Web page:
Variations on the Body, written by María Ospina and translated by Heather Cleary, is a collection of short stories which primarily take place in Colombia and center on the female body. On July 6, 2021, Variations on the Body releases in the U.S. via Coffee House Press. This past month, I was sent an advanced review copy of this in exchange for an honest review.
First published in Spanish as Azares de cuerpo in 2017, Variations on the Body begins with Heather Cleary’s translator’s note, in which she introduces the six stories. Commenting on the various similar themes among them, Cleary notes some of Ospina’s poetic and literary allusions which may go unnoticed by English-speaking readers, and explains the peculiar challenge of a translator’s work in conveying the author’s message not only through literal meaning but also linguistic nuance, especially when the direct translation of a word may carry a different connotation in another language. While I cannot compare Cleary’s work to Ospina’s original, I must say I was impressed by the English version– Cleary did an amazing job with this translation. The writing is quite strong, and it’s incredible that this is not its original form.
One particular story I enjoyed from this collection was “Fauna from the Ages,” which is a diary-style story logging a woman’s battle with the fleas who’ve infested her apartment. I found the narrator’s obsession with documenting the flea chronicles hilariously relatable and whimsical, while still very astute and meaningful. In my own life, I have waged wars with ants, fleas, flies, and other invasive insects, and when these creatures afflict the body in small yet numerous perturbing bites, it can feel like acute torture.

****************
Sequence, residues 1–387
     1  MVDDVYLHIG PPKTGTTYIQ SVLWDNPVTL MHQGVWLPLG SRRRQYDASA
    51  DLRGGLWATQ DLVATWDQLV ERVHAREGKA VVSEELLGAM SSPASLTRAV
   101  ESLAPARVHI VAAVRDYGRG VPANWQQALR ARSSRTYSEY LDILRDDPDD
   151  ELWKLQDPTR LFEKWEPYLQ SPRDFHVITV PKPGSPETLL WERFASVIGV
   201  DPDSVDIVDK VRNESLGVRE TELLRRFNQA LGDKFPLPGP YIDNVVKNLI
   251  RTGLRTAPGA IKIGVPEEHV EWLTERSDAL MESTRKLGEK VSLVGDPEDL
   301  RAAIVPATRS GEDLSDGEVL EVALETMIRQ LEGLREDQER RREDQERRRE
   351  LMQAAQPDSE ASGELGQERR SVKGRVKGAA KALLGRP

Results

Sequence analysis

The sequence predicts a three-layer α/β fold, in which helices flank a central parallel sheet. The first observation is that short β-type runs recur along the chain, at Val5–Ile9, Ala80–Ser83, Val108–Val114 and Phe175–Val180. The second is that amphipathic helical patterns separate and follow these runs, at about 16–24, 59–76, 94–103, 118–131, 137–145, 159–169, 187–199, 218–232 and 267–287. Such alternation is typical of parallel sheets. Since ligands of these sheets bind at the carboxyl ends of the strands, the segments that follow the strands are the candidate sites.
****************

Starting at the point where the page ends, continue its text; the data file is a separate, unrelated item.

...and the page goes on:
Obsession is also a prevalent quality in “Saving Young Ladies,” in which a woman procrastinates on drafting her novel in favor for studying the home for young women, led by nuns, across the street. One girl in particular catches her attention, and she yearns to “save” her from imagined troubles.
Throughout these stories, women take care of other women, women resist or succumb to the violence and demands of society, and women contemplate the beautiful. Each vignette offers something different, culminating in the final story, “Variations on the Body” from which the book receives its title and cover image.
Additionally, I appreciated that while these narratives depict very genuine female experiences, the tone is not overwhelmingly somber. Even when a character such as the protagonist in the first story “Policarpa” is attempting to begin her life anew after leaving a FARC guerilla group, amidst her uncertainty of the future, she muses on her desire for female friendship in a co-worker. Other characters find solace in the companionship of stray dogs, collecting scissors, and corresponding over porcelain doll logistics. It is not a catalog of all the ways a female body is blatantly battered by society, but rather a gentle and nuanced exploration of female physical existence in Bogotá. It will not leave you forlorn and exhausted as some women’s fiction does, but rather endeared by the peculiar characters, each with their own preoccupation.
If you choose to pick up Variations on the Body via my recommendation, I hope you enjoy!
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